Treat all equally
Siren calls for more courthouse security point to the total absurdity of this situation. A suitable solution, if we’re to be forced into fearing our fellow citizens, is to treat everyone the same. I suggest that all county employees, including the Morgan County Commissioners who voted for this travesty, be required to enter the front door of the courthouse and go through security — in public — as the rest of us are made to do.
Simple fairness would solve lots of problems. If those who supposedly represent us were treated the same way as the general public, then maybe they would think twice about some of the things they do. It would be interesting to see Commissioner Close have to raise-up his pants legs “in case you have a hidden gun,” as I have had to do on numerous occasions.
If we’re afraid of guns or bombs being taken into the courthouse, let’s have Commissioners Dugan and Hutchinson, along with all the lawyers and judges, open their bags and briefcases for inspection so the public can see for themselves if we also need to be more fully protected from our “betters.”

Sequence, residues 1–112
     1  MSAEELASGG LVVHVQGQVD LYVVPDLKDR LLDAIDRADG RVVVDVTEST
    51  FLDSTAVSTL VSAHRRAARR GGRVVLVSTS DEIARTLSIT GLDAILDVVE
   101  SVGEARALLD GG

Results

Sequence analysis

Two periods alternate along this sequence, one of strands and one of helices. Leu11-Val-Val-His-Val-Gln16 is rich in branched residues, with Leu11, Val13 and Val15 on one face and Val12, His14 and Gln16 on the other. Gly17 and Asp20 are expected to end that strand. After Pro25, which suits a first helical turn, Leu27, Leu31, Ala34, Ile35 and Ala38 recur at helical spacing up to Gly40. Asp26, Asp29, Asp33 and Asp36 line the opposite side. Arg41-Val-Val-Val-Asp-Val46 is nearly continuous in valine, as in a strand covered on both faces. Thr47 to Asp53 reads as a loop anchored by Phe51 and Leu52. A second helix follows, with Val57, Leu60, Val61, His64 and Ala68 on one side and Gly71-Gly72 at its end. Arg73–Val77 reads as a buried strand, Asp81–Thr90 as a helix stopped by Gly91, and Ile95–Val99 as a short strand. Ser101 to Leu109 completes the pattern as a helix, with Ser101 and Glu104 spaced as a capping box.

Why are they given special passes to enter through the back door? Are they trying to avoid contact with those who elected them? Are they so important and busy that they don’t have one or two more minutes to be part of the crowd? Is it so far from their special parking spaces that they can’t manage a few more steps around to the front entrance? Do they fear us?
By far the loudest complaint heard from citizens when I ran for the county commission in 2004 was that “all those people in Berkeley think they’re more important than the rest of us.” Recent letters to the editor have alluded to this, including two about a complaint made to the State Police when an unfavored group demonstrated on Washington Street (while more “acceptable” groups, including children, are allowed to do as they wish), even though there was absolutely no security risk at all to the public.
Perhaps we need to be reminded of the following quote (often attributed to Thomas Jefferson but actually written by Benjamin Franklin), which remains as true today as it was in 1759: “Those who would give up essential liberty to purchase a little temporary safety deserve neither liberty nor safety.”
John C. Webster